“Spending more on special ed simply may not do much for kids,” writes Checker Finn on Gadfly, citing Boosting the Quality and Efficiency of Special Education, a new Fordham report by Nate Levenson. By emulating the staffing levels and practices of efficient districts, the high-spending districts could save $10 billion — and improve quality, according to the report.
Special education has been “downright hostile” to “innovation, efficiency, or productivity boosters, writes Finn. It “remains fixated on inputs, ratios, and services,” rather than student outcomes.
. . . the same basic dysfunctions that ail general education afflict special education too: middling (or worse) teacher quality; an inclination to throw “more people” at any problem; a reluctance to look at cost-effectiveness; a crazy quilt of governance and decision-making authorities; a tendency to add rather than replace or redirect; and a full-on fear of results-based accountability. Yet the fates (as well as the budgets) of general and special education are joined. In many schools, the latter is the place to stick the kids who have been failed by the former—a major cause of the sky-high special-education-identification rates in many states and districts.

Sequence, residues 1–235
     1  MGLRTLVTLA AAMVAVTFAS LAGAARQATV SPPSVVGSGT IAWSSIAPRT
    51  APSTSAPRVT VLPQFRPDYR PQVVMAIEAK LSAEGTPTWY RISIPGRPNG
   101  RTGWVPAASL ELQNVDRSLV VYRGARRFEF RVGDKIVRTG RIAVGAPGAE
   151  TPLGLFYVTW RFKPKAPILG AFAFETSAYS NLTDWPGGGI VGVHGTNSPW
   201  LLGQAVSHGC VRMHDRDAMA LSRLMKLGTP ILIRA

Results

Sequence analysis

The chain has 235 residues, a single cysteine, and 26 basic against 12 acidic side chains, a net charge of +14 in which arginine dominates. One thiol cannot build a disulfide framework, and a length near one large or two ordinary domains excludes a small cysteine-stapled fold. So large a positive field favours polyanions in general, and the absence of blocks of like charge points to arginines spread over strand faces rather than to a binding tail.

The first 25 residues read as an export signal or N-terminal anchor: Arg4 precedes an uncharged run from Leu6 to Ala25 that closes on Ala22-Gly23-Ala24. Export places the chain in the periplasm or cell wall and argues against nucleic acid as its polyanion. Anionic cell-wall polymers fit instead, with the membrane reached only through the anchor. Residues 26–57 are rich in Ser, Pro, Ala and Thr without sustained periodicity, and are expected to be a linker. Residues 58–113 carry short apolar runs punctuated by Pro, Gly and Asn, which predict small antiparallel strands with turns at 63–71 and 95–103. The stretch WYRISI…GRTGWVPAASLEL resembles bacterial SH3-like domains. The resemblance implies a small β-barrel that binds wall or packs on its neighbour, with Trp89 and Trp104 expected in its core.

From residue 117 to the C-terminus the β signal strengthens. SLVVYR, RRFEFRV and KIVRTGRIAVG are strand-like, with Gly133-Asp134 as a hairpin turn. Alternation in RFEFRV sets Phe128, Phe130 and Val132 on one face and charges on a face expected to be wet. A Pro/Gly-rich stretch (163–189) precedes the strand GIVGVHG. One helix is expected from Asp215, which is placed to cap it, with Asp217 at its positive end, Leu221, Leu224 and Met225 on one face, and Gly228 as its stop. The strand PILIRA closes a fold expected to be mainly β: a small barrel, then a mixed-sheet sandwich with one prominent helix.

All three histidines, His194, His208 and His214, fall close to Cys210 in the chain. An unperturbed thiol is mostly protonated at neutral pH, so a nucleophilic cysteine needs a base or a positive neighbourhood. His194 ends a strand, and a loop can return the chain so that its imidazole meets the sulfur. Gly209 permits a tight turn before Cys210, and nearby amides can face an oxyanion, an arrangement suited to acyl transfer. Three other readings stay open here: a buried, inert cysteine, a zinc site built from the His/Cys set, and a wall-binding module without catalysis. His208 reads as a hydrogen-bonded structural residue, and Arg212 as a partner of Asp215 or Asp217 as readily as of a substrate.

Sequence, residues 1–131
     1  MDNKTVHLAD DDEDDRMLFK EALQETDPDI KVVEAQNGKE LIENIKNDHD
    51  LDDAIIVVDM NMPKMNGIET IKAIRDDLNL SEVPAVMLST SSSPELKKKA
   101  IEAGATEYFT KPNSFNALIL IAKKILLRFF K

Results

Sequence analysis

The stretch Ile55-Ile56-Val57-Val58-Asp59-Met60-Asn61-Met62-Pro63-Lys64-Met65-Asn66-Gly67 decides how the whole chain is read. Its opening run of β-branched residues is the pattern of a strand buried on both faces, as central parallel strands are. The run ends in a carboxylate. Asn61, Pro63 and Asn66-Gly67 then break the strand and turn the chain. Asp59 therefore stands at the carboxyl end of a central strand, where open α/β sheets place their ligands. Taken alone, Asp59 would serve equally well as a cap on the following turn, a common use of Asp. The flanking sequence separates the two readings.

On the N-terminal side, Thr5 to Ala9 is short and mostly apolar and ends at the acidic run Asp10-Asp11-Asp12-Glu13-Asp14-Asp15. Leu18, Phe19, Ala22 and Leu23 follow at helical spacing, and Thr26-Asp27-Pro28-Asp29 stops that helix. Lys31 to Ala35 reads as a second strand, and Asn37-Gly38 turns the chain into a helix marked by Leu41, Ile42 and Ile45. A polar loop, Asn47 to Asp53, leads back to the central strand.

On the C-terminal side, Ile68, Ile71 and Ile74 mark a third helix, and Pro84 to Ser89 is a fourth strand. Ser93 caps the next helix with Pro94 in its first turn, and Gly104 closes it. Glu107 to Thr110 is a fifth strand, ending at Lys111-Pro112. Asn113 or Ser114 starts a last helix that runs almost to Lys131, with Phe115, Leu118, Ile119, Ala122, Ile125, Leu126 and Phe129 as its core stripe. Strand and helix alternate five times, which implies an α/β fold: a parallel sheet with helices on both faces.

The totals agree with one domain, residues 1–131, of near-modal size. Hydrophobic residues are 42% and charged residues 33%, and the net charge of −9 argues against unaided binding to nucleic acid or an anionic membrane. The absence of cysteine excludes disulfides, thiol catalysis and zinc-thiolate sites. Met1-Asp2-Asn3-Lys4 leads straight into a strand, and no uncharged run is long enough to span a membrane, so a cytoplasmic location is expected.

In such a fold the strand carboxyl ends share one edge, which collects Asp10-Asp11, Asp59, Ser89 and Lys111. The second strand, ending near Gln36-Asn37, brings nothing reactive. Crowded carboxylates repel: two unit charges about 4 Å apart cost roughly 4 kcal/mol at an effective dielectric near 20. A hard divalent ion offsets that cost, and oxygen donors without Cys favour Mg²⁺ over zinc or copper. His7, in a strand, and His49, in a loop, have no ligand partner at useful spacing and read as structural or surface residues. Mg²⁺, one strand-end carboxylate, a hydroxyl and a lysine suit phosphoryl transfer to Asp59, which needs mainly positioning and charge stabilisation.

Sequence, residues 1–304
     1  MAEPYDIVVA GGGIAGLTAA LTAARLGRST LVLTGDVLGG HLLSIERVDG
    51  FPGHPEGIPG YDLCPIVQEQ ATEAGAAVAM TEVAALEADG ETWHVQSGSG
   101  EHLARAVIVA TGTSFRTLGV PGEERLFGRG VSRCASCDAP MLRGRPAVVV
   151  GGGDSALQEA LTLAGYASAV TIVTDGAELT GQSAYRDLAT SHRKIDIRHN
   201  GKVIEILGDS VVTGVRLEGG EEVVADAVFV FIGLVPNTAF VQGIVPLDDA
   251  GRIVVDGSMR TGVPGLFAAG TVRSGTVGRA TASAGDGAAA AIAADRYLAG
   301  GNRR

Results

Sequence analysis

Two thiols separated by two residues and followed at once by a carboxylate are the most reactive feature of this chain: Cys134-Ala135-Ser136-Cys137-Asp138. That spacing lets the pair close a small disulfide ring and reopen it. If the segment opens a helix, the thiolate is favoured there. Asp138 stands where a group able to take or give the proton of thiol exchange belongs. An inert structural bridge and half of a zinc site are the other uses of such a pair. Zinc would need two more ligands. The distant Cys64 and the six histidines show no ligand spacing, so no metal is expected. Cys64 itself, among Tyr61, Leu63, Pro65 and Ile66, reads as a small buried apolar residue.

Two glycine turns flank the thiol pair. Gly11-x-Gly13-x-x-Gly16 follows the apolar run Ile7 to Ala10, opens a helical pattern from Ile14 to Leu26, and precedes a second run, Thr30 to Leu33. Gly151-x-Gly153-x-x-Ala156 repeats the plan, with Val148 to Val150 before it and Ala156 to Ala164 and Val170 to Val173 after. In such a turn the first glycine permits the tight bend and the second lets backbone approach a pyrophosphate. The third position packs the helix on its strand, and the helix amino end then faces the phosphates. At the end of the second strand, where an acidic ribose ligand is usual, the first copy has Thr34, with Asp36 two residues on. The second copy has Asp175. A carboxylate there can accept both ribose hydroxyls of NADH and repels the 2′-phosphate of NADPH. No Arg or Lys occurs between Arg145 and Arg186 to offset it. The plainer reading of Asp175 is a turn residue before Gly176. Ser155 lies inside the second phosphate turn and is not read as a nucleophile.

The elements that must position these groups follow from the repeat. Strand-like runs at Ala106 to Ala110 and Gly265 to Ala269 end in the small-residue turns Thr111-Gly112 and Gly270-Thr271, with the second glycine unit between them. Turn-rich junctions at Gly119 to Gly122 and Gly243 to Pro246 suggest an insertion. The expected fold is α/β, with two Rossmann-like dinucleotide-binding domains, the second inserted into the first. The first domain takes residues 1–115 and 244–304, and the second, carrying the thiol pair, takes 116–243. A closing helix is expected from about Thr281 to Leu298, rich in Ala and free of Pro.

. . . To its discredit, federal law bars the teams that develop Individualized Education Programs for disabled pupils from considering the cost of the interventions and services that they are recommending.
Improve general education so fewer kids end up in special ed, Levenson urges. If special ed is necessary, design cost-effective interventions. Above all, end maintenance-of-effort requirements that assume students are being served if dollars are being spent, regardless of whether the money is being used to help students learn.